Chances are, if you have plants, you have at least one member of the dogbane family, like the Mandevilla vine.
The dogbane family has it all: ornamentals, herbs, shrubs, and trees.
But they also have tiny orange bugs that love to attack your precious plants.
These bugs are aphids, and they can quickly spread to nearby plants and do a ton of damage if not addressed.
While many species of aphids can be orange, chances are you’re dealing with the oleander aphid (Aphis nerii), which enjoys one of the widest menus of all aphids.
In this article, we’ll delve into identifying the orange bugs on plants and how to get rid of orange aphids on plants.
What Are Orange Aphids?
So, what are the tiny orange bugs on outdoor plants?
Sometimes called the milkweed aphid, sweet pepper aphid, or Nerium aphid, these tiny insects will attack many plants.
The appearance of oleander aphids is often mistaken for tiny orange bugs. Oleander aphids (Aphis nerii) are small insects with orange bodies, six black legs, two cornicles (tail pipes) at the end of their abdomen, and dark antennae.
The dogbane (Apocynaceae) family is their preferred victim, but they’ll also go after plants in the daisy (Asteraceae), morning glory (Convolvulaceae), and spurge (Euphorbiaceae) families.
The species reproduce via parthenogenesis, meaning the nymphs are born pregnant and give live births instead of eggs.
One interesting fact is that scientists have produced male oleander aphids in a laboratory setting, but none have ever been observed in nature.
While this species often lacks wings, populations migrating between different food sources often have wings.
However, it’s important not to mistake oleander aphids for other small orange bugs on plants, such as Colorado potato beetle, orange stink bug, orange assassin bugs, orange seed bugs, boxelder bugs, Asian lady beetles, Milkweed assassin bug, or leaf-footed bugs.
This is why recognizing the appearance of oleander aphids can help differentiate them from other orange insects on plants.
What Damage Does Orange Aphid Infestations Cause?
Like other aphid species, the orange aphid tends to hang out on the undersides of leaves, plant stems, and flowers, where they’re harder to spot.
Once there, they pierce the leaf surface with their proboscis and begin drinking its sap.
Not only will this damage or even kill the leaves and hinder photosynthesis, but their frass (poop) is its hazard.
Known as honeydew, the frass can lead to sooty mold and attract ants. The ants protect the aphid colony from predators in exchange for the honeydew.
Even worse, the aphids are vectors for a wide range of:
- Mosaic virii
- Citrus tristeza virus
- Papaya ringspot virus
- Tobacco etch virus
While orange aphids usually won’t kill a plant on their own, the way they weaken plants and can transmit multiple diseases can destroy your garden or houseplant collection if not stopped.
Fun Fact: Oleander aphids were responsible for one of the biggest plant rages in history.
Beginning in the 1630s, people noticed their tulips were developing red striations that became incredibly popular.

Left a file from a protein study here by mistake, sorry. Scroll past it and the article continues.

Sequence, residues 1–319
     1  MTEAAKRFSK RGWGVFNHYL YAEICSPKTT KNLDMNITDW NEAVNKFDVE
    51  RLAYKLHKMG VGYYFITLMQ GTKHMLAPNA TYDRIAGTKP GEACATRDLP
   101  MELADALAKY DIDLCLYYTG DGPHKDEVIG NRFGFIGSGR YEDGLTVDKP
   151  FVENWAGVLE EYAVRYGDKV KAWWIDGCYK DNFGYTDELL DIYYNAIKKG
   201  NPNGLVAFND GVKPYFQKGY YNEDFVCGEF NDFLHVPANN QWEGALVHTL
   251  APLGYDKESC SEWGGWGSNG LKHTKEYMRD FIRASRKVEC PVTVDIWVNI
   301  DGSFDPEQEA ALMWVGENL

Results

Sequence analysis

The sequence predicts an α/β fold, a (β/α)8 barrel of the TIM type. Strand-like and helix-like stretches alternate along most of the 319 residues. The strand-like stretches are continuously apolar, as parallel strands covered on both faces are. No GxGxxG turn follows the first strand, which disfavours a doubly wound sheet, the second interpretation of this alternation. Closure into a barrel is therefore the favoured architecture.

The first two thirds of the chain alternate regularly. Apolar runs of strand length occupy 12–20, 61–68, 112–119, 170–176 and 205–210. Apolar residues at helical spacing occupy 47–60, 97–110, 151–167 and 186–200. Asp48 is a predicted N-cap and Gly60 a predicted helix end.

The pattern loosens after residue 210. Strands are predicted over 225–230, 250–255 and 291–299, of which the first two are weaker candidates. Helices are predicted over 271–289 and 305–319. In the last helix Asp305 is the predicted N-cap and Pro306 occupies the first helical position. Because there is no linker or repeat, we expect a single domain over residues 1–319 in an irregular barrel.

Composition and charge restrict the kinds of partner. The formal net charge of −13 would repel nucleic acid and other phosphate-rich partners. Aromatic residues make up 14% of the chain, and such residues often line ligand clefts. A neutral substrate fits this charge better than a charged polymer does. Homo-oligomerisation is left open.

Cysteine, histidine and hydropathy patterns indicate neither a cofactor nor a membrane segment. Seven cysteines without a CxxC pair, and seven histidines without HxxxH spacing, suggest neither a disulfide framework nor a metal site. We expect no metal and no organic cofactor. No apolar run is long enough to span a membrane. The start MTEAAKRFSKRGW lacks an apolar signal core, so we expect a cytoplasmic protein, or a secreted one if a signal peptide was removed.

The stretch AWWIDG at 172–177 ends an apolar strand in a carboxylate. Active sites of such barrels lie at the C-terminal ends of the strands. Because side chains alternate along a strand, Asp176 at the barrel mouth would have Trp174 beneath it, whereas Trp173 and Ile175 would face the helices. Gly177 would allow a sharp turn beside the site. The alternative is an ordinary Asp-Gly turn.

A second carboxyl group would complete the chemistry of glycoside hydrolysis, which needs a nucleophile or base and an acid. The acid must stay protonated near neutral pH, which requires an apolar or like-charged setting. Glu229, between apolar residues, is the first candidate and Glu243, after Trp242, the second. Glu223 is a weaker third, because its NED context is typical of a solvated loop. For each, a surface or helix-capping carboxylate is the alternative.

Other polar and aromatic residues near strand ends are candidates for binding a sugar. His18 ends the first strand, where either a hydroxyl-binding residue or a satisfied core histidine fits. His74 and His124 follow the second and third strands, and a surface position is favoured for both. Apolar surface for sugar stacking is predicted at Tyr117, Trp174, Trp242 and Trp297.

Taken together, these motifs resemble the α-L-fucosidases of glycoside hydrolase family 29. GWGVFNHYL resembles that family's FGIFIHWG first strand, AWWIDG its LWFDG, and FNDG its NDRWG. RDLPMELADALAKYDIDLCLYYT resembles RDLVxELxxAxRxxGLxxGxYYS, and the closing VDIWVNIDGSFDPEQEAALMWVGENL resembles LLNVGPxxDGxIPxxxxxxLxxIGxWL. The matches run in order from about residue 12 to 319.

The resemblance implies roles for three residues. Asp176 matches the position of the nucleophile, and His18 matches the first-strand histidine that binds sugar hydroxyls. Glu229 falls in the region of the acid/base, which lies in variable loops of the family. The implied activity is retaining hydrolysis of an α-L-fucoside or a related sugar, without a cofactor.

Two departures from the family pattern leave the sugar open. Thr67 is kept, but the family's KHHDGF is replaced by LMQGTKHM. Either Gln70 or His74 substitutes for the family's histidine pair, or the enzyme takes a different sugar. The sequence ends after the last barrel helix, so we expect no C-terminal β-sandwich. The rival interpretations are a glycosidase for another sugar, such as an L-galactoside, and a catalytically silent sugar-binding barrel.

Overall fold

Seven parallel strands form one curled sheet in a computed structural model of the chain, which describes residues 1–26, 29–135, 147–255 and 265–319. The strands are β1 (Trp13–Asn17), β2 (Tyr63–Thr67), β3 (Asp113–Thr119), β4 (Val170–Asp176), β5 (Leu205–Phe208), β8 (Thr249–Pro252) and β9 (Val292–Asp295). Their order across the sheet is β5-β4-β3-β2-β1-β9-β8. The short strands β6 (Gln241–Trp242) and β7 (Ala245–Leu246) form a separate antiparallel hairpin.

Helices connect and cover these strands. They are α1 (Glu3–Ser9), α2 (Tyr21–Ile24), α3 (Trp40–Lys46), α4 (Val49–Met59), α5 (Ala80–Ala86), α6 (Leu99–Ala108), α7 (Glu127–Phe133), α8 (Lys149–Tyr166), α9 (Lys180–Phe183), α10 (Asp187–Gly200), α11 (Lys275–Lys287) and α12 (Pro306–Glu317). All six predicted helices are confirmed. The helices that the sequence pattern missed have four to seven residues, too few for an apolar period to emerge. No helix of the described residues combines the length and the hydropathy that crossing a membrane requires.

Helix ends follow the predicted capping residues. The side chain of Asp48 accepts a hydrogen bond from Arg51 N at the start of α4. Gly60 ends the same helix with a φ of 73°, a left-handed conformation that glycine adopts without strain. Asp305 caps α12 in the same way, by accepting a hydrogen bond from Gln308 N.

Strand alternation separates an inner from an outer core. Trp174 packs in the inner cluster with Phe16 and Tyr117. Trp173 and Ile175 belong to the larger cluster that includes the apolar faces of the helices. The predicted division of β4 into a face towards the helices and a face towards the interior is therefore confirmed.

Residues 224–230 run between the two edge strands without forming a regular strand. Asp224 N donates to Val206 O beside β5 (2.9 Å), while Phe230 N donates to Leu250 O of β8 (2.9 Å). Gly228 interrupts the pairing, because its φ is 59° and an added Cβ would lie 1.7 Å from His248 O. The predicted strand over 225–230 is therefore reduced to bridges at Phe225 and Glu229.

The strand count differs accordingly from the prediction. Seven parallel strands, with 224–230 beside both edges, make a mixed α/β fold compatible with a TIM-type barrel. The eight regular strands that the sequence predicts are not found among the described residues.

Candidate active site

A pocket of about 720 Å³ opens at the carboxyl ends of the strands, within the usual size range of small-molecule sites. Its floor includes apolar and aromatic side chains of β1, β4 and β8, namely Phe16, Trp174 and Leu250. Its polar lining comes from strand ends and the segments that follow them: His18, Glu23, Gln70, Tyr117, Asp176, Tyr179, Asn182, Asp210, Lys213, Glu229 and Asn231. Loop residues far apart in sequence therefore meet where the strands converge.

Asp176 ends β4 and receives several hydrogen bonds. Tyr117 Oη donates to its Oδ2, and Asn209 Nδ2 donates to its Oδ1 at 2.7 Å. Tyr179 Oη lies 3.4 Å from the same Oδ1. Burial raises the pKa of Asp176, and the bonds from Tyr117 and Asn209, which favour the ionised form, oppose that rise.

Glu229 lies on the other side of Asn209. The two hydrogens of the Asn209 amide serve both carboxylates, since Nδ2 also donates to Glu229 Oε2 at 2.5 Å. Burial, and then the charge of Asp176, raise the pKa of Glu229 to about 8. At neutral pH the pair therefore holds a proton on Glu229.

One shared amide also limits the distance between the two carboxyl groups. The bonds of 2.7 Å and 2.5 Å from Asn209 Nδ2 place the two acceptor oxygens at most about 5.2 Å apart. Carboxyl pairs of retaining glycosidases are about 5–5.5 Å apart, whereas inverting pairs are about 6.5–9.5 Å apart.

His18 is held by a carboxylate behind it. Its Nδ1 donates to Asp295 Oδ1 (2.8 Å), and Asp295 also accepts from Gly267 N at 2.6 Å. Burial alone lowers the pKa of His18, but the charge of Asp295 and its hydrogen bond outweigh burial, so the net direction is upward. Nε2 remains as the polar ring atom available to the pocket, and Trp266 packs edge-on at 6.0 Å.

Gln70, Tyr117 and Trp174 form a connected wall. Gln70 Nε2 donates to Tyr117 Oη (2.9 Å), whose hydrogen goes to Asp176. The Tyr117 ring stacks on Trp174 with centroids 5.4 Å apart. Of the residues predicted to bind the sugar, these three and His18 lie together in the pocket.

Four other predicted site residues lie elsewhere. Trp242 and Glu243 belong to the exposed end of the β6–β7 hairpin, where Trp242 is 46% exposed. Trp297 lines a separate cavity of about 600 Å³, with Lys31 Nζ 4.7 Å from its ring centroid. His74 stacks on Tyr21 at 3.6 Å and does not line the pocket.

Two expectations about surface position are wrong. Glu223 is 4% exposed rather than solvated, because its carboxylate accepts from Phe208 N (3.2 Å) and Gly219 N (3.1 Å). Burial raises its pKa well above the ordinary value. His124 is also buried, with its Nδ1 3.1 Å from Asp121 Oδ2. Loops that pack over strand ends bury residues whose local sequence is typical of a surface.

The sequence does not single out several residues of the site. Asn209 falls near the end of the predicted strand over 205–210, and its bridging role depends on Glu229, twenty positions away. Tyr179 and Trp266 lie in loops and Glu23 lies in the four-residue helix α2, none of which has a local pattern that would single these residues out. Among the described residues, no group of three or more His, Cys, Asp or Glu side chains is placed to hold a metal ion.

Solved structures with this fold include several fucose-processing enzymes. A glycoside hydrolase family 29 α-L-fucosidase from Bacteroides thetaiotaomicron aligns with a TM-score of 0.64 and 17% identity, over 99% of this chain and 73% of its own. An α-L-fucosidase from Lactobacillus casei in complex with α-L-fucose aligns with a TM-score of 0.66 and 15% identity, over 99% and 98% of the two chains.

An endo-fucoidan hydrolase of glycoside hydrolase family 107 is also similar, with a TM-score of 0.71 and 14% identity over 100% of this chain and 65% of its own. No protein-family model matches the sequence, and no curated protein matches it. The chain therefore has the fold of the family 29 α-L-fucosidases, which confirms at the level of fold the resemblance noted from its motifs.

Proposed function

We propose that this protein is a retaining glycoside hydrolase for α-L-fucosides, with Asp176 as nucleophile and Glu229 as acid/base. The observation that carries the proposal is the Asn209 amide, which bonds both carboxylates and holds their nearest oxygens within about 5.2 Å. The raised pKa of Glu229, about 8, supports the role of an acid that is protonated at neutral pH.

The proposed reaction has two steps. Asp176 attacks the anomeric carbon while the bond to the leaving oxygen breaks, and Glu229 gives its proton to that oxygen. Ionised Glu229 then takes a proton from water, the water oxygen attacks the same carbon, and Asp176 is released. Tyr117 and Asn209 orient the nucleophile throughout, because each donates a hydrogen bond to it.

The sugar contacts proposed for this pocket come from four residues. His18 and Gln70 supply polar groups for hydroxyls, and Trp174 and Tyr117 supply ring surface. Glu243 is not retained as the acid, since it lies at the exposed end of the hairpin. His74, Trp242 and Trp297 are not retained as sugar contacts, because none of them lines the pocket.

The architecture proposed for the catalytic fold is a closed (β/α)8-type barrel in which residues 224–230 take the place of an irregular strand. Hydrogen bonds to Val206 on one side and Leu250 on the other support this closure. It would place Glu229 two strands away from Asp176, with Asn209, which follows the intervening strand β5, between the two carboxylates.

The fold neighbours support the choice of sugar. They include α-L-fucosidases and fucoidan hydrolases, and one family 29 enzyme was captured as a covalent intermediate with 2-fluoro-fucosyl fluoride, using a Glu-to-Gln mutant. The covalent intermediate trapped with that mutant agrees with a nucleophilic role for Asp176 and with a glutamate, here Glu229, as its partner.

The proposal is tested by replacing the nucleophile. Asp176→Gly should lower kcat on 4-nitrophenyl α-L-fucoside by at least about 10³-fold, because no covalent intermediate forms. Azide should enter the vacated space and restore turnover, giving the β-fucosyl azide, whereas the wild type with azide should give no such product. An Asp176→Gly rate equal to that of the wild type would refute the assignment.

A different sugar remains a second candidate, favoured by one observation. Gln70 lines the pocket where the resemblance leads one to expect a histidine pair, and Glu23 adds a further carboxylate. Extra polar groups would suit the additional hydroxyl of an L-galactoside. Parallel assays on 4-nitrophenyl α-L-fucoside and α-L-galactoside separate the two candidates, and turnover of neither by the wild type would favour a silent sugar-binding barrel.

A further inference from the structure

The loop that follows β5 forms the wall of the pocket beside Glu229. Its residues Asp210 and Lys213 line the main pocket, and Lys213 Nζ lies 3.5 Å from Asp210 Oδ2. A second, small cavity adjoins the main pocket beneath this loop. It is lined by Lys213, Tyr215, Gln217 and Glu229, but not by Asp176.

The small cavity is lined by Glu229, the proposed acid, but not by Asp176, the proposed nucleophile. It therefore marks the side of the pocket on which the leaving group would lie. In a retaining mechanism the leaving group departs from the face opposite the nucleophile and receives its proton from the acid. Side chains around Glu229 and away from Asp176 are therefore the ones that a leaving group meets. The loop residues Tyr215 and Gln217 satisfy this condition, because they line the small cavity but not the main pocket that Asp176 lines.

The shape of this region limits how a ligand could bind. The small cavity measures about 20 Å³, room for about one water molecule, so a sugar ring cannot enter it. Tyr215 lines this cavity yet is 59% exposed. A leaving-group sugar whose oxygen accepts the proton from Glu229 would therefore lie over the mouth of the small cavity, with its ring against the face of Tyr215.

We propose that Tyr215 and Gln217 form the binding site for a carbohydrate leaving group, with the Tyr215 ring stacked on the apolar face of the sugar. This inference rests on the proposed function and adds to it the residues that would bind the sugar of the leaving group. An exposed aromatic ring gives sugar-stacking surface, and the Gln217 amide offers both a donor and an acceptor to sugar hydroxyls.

It wasn’t until nearly 290 years later (and after a house was sold to obtain a single bulb from these seemingly mutated plants) that it was discovered the mutation was caused by tulip breaking virus, a disease spread by the oleander aphid!
How To Control Orange Aphids?
Be careful when using chemical pesticides against aphids.
Not only do aphids have increasingly effective resistance to pesticides, but you may end up killing beneficial insects that are helping to control the aphid population.
Instead, it’s best to stick with natural remedies for pest control. They can take a little longer but are more effective (and safer) in the long run.
Here’s how to get rid of orange mites on plants:
An essential oil spray is one of many household remedies that will work on the oleander aphid.
Mix 4 to 5 drops of clove, peppermint, rosemary, or thyme into 1 cup of water and mix it into a spray bottle.
You can spray your plants every 2 to 3 days in the morning or evening, and the oils will slowly kill off the infestation.
The oleander aphid isn’t helpless and can defend itself against some natural predators.
Not only will ants protect the species, but they can excrete a toxic substance from their bodies that will fight off many of their enemies, such as some species of spiders.
But ladybugs are immune to this substance and are often the greatest ally as a result.
Other beneficial bugs that prey on aphids include:
- Anthocorid bugs
- Parasitic wasps
- Syrphid fly larvae
Even some smaller bird species will go after aphids and their eggs.
To invite these hunters into your garden, sprinkle some Diatomaceous earth (DE) around the bases of your plants to deter ants.
Next, do a bit of complimentary gardening by planting marigolds and other plants that attract the predators you wish to hire.
Finally, if you don’t have a large population of tiny orange bugs on plants nearby, you can order many hunters online, such as ladybugs and parasitic wasps.
There are two major ways to use neem against aphids.
100% percent cold-pressed neem oil can be used to create a soil soak that will only affect bugs that try to eat the plant, keeping bees and beneficial bugs safe.
Meanwhile, clarified hydrophobic neem oil has had most of the Azadirachtin removed for use in commercial pesticides and works great as a foliar spray.
The soak will decimate a population over time, while the spray kills the small orange bugs instantly but requires direct contact to work.
It can be around 2 weeks before you notice the change in both cases.
However, neem is safe and non-toxic, meaning you can use it as a preventative every 2 weeks and can treat food crops up to 24 hours before harvesting.